I should have been posting articles; it has been a long time since I have. It almost seems that even though I quit my job, I am busier than ever and to walk upstairs to my office is too much. Ridiculous I know. My emotions are like a roller coaster, and sometime I feel like I am bi-polar.
As my husband slips deeper into his illness there are limited things he can do. He is having a very hard time walking so he is immobile. We have a routine; he usually sleeps late and when the CNA comes we wake him up, and I help her take him to the shower. With the help of both of us, we can get him into the shower; I have bought handles, so he can grab on and feel safe when he is stepping in but he is still full of fear that he is going to fall. It is quite an ordeal to get him to sit in the shower chair – once in a while he will refuse but most of the times we get him to sit.
Once he is showered shaved and cleaned up, he is helped into the front room/ kitchen area eats takes his medicine, and if I am lucky, he will take it without incidence sometimes he starts chewing getting confused about the difference between swallowing and chewing. I feed him if he just doesn’t seem to want to eat himself. I put on the TV even though I don’t think he can really understand it – sometimes he will talk back to the people on the TV. I also have cards I will give him, and if he is in the mood, he will play with them. When he is not in the mood for that he will want to finish his paperwork for his business, so I give him a red bag, and he will pull out papers and write on them gibberish. But to him – he is being productive.
He stays up around five hours, and then he is tired and wants to lie down. He wants me beside him and many times when I am not in the bedroom with him; he calls for me. He is in his hospital bed, and I will sit by him and hold hands, climb into bed with him or just lay on my bed beside him. We have a enormous TV on our wall that we watch. He will talk and chatter telling me things I cannot make out but I pretend to understand.
He is getting so skinny that it worries me. He is 5’10 when he was healthy he weighed 180 lbs. Now he is down to 140 as skinny as he is you would think that lifting his legs and helping him would be easier, but it isn’t his legs are like dead weight; I have hurt myself numerous times trying to help him. He just cannot move himself even when I help him into bed; I have to situate his body so that he isn’t crooked.
I have knots in my stomach – and I feel lost. I have never had to be alone like this before.
I want my husband back…
I kissed my husband on the cheek and said Merry Christmas – knowing he probably doesn’t even know it is Christmas.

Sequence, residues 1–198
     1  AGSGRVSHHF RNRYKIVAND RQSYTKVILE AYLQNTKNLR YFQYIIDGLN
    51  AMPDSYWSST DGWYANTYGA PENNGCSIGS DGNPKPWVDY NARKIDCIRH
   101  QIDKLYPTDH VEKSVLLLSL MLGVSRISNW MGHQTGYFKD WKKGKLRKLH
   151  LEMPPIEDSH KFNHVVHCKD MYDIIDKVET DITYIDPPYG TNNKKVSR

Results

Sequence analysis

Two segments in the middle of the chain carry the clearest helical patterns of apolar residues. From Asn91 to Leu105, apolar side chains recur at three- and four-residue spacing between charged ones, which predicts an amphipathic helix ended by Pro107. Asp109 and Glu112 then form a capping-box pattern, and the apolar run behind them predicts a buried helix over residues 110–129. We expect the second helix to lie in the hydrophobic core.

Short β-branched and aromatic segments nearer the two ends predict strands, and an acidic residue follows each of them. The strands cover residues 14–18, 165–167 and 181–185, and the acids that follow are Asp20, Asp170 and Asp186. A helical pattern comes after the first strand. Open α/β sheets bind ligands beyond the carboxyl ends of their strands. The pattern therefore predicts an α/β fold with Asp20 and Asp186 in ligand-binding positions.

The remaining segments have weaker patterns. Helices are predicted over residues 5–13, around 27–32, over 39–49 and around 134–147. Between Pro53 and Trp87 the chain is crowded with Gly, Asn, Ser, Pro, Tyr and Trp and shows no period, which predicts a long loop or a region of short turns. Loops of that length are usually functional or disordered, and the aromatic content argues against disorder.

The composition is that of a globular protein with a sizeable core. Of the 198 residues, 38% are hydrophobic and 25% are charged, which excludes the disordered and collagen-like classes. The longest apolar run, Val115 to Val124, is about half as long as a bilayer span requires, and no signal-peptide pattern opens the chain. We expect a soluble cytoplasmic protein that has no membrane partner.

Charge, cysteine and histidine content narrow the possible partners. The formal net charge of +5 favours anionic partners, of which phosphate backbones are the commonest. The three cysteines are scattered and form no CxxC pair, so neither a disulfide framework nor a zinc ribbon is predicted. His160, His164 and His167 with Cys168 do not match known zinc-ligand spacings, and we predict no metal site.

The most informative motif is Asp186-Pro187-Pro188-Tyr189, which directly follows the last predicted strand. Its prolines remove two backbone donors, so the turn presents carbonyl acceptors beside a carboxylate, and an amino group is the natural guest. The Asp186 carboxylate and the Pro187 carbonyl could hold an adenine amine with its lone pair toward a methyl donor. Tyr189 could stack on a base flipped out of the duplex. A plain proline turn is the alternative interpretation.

I am so thankful for my family for being there for me. My brother came over and drove the van to the family party that was 1 ½ away and drove home. It was very emotionally exhausting, and yesterday I didn’t even want any company at all. I slept until I had to get up and get my husband dressed – around 11.
Usually, I get up several hours earlier so I can clean up, get dressed and ready for the day before I get him up. Getting him up has gotten harder and harder because he doesn’t know how to stand up – he pulls back instead of going forward. Usually, I get him up and put him on the seat of the walker, take him to the bathroom, so he can swish, and brush his teeth but sadly. Sometimes he forgets how to swish or brush his teeth.
I feel this is the last Christmas I will have my husband and I cannot help but feel like crying. I think the fact that my sister committed suicide on Christmas Eve doesn’t help even if it was 35 years ago. It never goes away.
The Dr. had diagnosed Parkinson’s while Robin Williams was alive but could never figure out why the hallucinations and dementia type symptoms. Finding the answer only after his death, when the autopsy was performed.
I am lucky that we found such good doctors right way – my husband was diagnosed properly, we may not be to stop it the Lewy Body Dementia or Parkinson’s, but I knew from the beginning what we were dealing with.
I am posting a portion of the article here and link to the whole article. The following paragraph describes my husband exactly. The whole article will help explain Lewy Body Dementia.
Susan Schneider Williams, BFA
Robin was growing weary. The parkinsonian mask was ever present and his voice was weakened. His left hand tremor was continuous now and he had a slow, shuffling gait. He hated that he could not find the words he wanted in conversations. He would thrash at night and still had terrible insomnia. At times, he would find himself stuck in a frozen stance, unable to move, and frustrated when he came out of it. He was beginning to have trouble with visual and spatial abilities in the way of judging distance and depth. His loss of basic reasoning just added to his growing confusion.